RENO, Nev. (AP) - Animal rights activists are urging the Justice Department to open a criminal investigation into a Nevada meatpacker that’s been cited three times in two years on accusations of inhumane handling and slaughtering of livestock.
The U.S. Agriculture Department temporarily suspended operations at York Meats near Fallon about 60 miles (96 kilometers) east of Reno last month after officials said an inspector watched a worker shoot a squealing hog with a rifle three times before a fourth shot left the animal unconscious.
Last November, the department said it took workers five attempts with a captive-bolt gun to render a lamb unconscious. In July 2018, workers shot a bull four times and left the conscious animal suffering for 20 minutes before returning to shoot again, the department said.
People for the Ethical Treatment of Animals wants the U.S. attorney for Nevada to investigate what the group called “a pattern of repeated violations.”
“These disturbing eyewitness reports show that animals experienced prolonged, agonizing deaths at York Meats,” said Daphna Nachminovitch, PETA’s senior vice president.
Colin Henstock, PETA’s assistant manager of investigations, cited inspectors’ eyewitness accounts in reports by the USDA’s Food Safety and Inspection Service (FSIS) in a letter Tuesday to U.S. Attorney Nicholas Trutanich.
“You can imagine the agony,” Henstock said.
Justice Department spokeswoman Trisha Young said Wednesday she was trying to confirm that the PETA request had been received and declined further comment.
The Humane Methods of Slaughter Act requires animals be “rendered insensible to pain by a single blow … or other means that is rapid and effective.”
The device used to stun livestock before slaughter is known as a captive-bolt pistol, cattle gun or stunner. It fires a retractable bolt against animals’ heads - often referred to as a “knock” - rendering them unconscious.
On July 15, an inspector wrote that a York Meats employee fired at a boar’s forehead, but the hog remained conscious and “walking in a circle and squealing loudly.”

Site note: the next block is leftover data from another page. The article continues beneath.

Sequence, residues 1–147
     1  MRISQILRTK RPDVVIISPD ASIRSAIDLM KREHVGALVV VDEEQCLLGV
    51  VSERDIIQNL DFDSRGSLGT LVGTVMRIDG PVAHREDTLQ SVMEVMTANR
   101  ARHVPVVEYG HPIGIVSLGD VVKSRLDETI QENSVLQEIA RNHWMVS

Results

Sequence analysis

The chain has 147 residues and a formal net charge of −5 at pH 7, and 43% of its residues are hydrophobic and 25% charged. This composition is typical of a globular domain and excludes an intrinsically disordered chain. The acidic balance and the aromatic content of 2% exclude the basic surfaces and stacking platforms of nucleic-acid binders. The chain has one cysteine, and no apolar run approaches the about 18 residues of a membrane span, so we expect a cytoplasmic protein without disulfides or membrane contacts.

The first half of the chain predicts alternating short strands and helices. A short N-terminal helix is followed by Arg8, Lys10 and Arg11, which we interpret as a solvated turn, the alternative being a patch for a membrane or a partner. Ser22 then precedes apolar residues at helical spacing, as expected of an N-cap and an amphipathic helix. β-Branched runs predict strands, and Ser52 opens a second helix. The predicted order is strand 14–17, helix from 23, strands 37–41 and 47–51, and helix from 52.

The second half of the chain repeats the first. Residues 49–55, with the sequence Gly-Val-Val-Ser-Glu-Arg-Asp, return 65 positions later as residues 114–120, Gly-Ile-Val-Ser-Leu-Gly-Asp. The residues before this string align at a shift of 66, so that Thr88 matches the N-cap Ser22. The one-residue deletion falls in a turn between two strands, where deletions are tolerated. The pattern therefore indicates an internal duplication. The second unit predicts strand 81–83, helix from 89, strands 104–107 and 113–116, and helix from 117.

After a second shot from a backup .45 caliber rifle, the animal continued to walk in circles “squealing louder.” It wasn’t until the fourth shot that it “fell on its side, stopped vocalizing and was rendered unconscious.”
PETA spokesman David Perle said USDA’s FSIS has authority whenever it sees violations to implement a suspension, “which shuts down the plant until the plant can submit a plan that corrects the issue and assures FSIS it won’t happen again.”
The service issued the most recent of three suspensions on July 15, then agreed to hold it in abeyance pending receipt of written descriptions the company had provided orally two days later.
The company’s current status isn’t clear. York Meats’ web site indicated Tuesday and Wednesday it was “temporarily closed.”
Company officials didn’t respond to phone calls or emails seeking comment.
Last November, a lamb fell on its side after the first knock but then immediately attempted to push itself up with its front legs, according to a USDA FSIS notice of suspension dated Nov. 20, 2019.
After three additional attempts, the lamb was still laying on its side, “breathing with its rib cage rising and falling, vocalizing and eyes tracking and blinking,” the suspension notice said.
An owner “instructed a more experienced employee” to apply a fifth knock, which successfully rendered the animal unconscious, the notice said.
The July 2018 incident involved a bull that had been knocked four times, with four entry holes in its forehead that was still breathing, kneeling on its front legs with its head raised and eyes looking around, according to a USDA FSIS notice of suspension dated July 25, 2018.
When the inspector asked the stunner employee what the problem was, the employee stated the animal was too large for the .17 magnum rifle, the suspension notice said. It said that about 20 minutes later, the owner effectively stunned the bull with a .38 magnum pistol,.
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